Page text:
Ultimately, community engagement: creates culturally relevant projects, prices projects according to the communities’ income or willingness to pay for services, prioritizes the voices of historically marginalized and neglected voices in the project planning process, improves citizens’ knowledge and skills in problem solving, empowers and integrates people from different backgrounds, creates opportunities to discuss potential barriers, and increases trust between the community and government [13]. Effective community engagement strives to include all voices in the process of city-making rather than just those in positions of power. In the next sections, we’ll discuss participatory frameworks to help us understand  the degrees of power withheld or given to the community based on different community engagement strategies. 

Participatory Frameworks

Participatory planning as a form of justice came to the fore in America after the civil and social rights movement in the 1960s. As a result, many national and state programs began including citizen engagement in local decision-making as a mainstream approach. It was during this time that author Sherry Arnstein’s created the Ladder of Citizen Participation, a widely sourced piece in academia that breaks down residents’ levels of involvement and the subsequent power that they hold. Manipulation and therapy are classified as ‘non-participation’; informing, consultation and placation as ‘degrees of tokenism’; and partnership, delegated power and citizen control as ‘degrees of citizen power’. 

Arnstein’s Ladder (1969) Degrees of Citizen Participation 

Another more recent framework that the Community Transportation Association of America created is their pathway to inclusion which includes six levels based on inclusion, trust and communication [7]. 

Lastly, the International Association for Public Participation (IAP2) offers a spectrum for participation from Inform to Empower that outlines the public participation goal, the promise to the public and an example technique. IAP2’s public participation framework is further discussed below.

IAP2’s Spectrum of Participation. For an accessible version of the table, please click here.

These types of participatory frameworks can be a helpful tool for projects to set their community engagement goals. These goals may include prioritizing a plan, arriving at a consensus, developing new solutions to a problem, or reviewing progress of an already established plan [9]. Understanding why the project requires a certain community engagement strategy is as important as the strategy and execution itself. Next, we will review a variety of ways to include the community in a project, each offering unique forms of engagement.


The Planning Process

Communication Engagement Strategies 

There are three overall principles that should guide the engagement process: accessible events, engaging interactions, and outcome-oriented process [19]. With this in mind and community engagement goals set, identifying key stakeholders is a critical step in all community engagement efforts to ensure efforts are representative and equitable. Specific types of organizational stakeholders might include: local, regional, state, and federal agencies, elected officials, local businesses, civic associations, labor organizations, educational institutions, advocacy groups, faith based organizations, tribes, or neighborhood groups [16]. Other key stakeholders to engage include community leaders, such as community organizations, parent groups, PTO/PTA groups, service organizations, senior groups, cultural groups, faith-based organizations, nonprofits that provide services to groups and individual residents [16]. The Community Engagement Guide for Sustainable Communities includes helpful guidelines for meaningful engagement that can serve as a supplemental tool when considering these strategies. Additionally, Seattle’s King County Mobility Coalition and Hopelink generated an Inclusive Planning Toolkit that includes examples and instructions on how to ensure community engagement efforts are inclusive to persons with disabilities and older adults. An inclusive community engagement plan will likely combine several of these 12 strategies to assure varied perspectives. We will refer to the IAPP’s public participation framework throughout this section.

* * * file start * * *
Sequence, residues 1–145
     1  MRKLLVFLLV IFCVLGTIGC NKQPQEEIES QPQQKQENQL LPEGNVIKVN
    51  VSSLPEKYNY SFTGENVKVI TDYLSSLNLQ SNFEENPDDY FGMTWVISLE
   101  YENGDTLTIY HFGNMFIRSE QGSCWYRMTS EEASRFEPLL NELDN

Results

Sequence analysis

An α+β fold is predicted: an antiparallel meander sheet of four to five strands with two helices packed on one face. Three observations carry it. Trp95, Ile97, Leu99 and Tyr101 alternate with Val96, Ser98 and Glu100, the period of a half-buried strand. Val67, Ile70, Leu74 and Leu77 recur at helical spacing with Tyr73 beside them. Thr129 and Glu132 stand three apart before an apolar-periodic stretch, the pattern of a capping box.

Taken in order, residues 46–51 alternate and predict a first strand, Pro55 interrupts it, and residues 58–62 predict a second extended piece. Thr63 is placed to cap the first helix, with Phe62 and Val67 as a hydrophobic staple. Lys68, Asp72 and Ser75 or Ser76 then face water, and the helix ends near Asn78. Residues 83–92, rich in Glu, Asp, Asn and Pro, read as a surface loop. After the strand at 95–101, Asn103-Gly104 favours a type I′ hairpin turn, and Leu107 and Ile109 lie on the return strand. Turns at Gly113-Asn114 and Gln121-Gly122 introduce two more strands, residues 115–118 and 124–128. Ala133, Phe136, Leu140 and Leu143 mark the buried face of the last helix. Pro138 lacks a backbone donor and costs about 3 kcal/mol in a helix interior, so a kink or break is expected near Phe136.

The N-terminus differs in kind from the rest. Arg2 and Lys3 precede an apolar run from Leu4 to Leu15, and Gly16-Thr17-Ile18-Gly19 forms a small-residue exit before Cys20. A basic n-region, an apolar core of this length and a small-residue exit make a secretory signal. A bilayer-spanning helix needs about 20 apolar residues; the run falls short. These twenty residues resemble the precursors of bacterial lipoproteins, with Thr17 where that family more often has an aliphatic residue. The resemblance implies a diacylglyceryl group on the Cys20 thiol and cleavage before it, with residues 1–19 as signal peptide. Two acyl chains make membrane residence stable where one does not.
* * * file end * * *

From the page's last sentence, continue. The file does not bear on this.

1. Steering/planning committees are a great way to return power to your key community stakeholders on a consistent basis and ensure you have community buy-in throughout the entirety of the project. Steering committees can include representation from organizations in the area and local residents or have a few subcommittees with different goals depending on the representation. Rather than simply asking for input during a single meeting, the steering committee serves as an ongoing checkpoint and outlet for feedback. A steering committee is a form of ‘Collaborate’ in the spectrum of participation.